Blog post -
World Down Syndrome Day 2020 | Amid the covid-crisis, we must not forget to listen to disabled people
Ahead of World Down Syndrome Day 2020, Alex Gibbons, London Sport's Specialist Advisor for Disability reminds us of the importance of listening to, and working with, deaf and disabled people during times of crisis.
When something good comes out of a difficult situation, we tend to say, “it was meant to be” but I’m not a fan of that expression.
When a positive comes from a negative, it’s usually because of our remarkable ability to adapt to the world around us, however confusing and challenging that world might be.
These are “strange times” (as I’m seeing written across several WhatsApp groups on a daily basis!) but they’re also hopeful times; a real feeling of comradery and community is developing. Everyone is holding common beliefs – to look after ourselves and each other.
Harnessing the power of this more unified society will be vital in the coming months as our sector continues to promote the importance of being physically active during this time of crisis.
One of the challenges during this time is we know that during difficult life events physical activity can be one of the first things to go, particularly for deaf and disabled people who often face several additional barriers.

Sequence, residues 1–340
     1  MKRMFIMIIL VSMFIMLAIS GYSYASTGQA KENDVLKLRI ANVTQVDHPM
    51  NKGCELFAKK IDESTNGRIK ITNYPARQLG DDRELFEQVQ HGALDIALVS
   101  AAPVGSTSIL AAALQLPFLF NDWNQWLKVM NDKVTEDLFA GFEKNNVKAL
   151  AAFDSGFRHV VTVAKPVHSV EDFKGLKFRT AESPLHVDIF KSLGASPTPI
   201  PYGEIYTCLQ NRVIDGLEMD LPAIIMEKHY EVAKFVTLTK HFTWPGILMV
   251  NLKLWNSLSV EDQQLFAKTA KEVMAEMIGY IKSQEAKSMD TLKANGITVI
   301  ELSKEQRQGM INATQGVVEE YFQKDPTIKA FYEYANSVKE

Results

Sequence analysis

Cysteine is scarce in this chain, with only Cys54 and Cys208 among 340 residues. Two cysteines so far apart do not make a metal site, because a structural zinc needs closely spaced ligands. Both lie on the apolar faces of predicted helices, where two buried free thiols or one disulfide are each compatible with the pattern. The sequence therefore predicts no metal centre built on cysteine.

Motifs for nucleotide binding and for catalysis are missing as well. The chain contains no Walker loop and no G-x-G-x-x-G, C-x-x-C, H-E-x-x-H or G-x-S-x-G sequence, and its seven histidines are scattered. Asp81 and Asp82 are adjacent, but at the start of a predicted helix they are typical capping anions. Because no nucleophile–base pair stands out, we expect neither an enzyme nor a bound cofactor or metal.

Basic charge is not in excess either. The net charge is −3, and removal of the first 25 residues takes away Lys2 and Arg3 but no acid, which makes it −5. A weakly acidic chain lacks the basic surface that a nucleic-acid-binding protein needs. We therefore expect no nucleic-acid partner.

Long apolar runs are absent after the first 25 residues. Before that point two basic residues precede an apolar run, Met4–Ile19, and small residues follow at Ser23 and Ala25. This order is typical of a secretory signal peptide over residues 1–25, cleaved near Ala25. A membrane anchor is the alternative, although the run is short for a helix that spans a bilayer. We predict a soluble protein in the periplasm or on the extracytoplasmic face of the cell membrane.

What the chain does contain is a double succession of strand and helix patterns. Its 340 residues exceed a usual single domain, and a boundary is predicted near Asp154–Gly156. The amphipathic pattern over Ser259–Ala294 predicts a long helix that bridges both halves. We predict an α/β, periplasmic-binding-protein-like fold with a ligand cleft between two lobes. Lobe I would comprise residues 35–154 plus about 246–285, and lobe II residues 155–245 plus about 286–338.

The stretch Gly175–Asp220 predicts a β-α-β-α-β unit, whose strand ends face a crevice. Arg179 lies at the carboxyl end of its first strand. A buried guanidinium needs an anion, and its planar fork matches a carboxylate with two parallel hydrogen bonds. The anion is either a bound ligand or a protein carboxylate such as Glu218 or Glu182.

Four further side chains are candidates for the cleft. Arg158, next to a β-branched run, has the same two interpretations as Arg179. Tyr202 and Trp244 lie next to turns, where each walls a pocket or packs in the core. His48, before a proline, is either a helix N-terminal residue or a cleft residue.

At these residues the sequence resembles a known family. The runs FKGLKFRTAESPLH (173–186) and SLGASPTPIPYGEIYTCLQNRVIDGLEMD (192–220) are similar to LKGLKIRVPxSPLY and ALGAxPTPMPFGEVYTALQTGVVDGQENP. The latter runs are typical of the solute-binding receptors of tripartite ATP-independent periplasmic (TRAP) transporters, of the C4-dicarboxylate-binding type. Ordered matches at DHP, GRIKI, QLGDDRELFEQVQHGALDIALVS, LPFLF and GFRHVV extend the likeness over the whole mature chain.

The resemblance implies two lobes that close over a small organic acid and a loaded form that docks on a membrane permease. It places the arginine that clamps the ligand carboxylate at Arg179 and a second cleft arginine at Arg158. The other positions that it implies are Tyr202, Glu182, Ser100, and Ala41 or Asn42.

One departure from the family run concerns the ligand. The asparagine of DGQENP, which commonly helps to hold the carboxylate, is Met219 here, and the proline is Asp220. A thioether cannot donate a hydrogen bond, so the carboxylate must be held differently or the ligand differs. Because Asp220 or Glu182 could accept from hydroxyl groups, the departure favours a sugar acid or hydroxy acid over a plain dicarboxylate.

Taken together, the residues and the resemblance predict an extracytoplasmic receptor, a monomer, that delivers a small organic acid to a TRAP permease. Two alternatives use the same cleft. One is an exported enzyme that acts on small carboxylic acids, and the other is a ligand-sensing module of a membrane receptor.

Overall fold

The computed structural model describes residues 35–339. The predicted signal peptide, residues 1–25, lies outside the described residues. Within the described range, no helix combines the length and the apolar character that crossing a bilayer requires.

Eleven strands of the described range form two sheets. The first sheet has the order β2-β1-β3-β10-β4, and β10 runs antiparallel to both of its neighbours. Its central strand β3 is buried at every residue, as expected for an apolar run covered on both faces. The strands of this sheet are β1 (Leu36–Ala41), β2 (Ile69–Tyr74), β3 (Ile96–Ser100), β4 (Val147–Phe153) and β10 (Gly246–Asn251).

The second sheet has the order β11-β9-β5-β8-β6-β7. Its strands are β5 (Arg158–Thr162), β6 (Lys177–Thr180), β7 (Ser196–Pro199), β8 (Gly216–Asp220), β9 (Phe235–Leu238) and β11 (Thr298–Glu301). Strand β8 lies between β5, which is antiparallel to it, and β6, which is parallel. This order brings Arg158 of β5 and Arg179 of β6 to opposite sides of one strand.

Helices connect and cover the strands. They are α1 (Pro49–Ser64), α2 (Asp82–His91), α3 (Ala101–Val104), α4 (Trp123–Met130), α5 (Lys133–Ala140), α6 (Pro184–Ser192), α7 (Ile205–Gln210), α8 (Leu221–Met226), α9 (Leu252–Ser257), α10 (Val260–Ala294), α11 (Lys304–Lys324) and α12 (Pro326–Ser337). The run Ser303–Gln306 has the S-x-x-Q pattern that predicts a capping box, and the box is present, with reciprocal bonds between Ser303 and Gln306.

However, at times like this it becomes even more vital to maintain good physical and mental well-being - easier said than done when people are being asked to stay inside and not mix with others!
I have learnt that it is not possible to tackle difficult challenges without harnessing people’s insight, creativity and expertise. During times of crisis it can feel quicker and easier to make decisions without them. We need to avoid this at all costs and ensure we take the time to meaningfully involve people.
It seems particularly relevant that tomorrow is World Down Syndrome Day, given its theme for 2020, “we decide”.
When things are tough it can become more difficult to listen to others, but it is more vital than ever to do just that.
I said earlier that we have a remarkable ability to adapt but only if we’re listened to and empowered to make decisions based on our unique experiences.
At London Sport one of our guiding principles around disability inclusion is that deaf and disabled people are central to all decisions relating to matters that affect their lives.
At a time of great uncertainty, it is more important than ever to enable that to happen. The reality is for many, physical activity and sport will seem like less of a priority right now.
We need to listen to why this is, let people decide what’s most important for them, but then show how the benefits of being active can be part of these priorities.
The challenges we are all facing are unique, and for some deaf and disabled people who already feel unsupported the coming months may feel particularly isolating. We can only meet these upcoming challenges by meaningfully and fully involving people in our responses.
I’m confident the positive societal impact and feelings of community, solidarity and care for each other will continue. I don’t think it’s meant to be, but I do think we’ll make it happen.
For more information on our work in disability inclusion, contact Alex GIbbons on email@example.com
To find out more about World Down Syndrome Day 2020 visit https://www.downs-syndrome.org.uk/
About London Sport
London Sport aims to make London the most physically active city in the world. Supported by the Mayor of London and Sport England, our target is to get Londoners more physically active.
For more information on London Sport, visit www.londonsport.org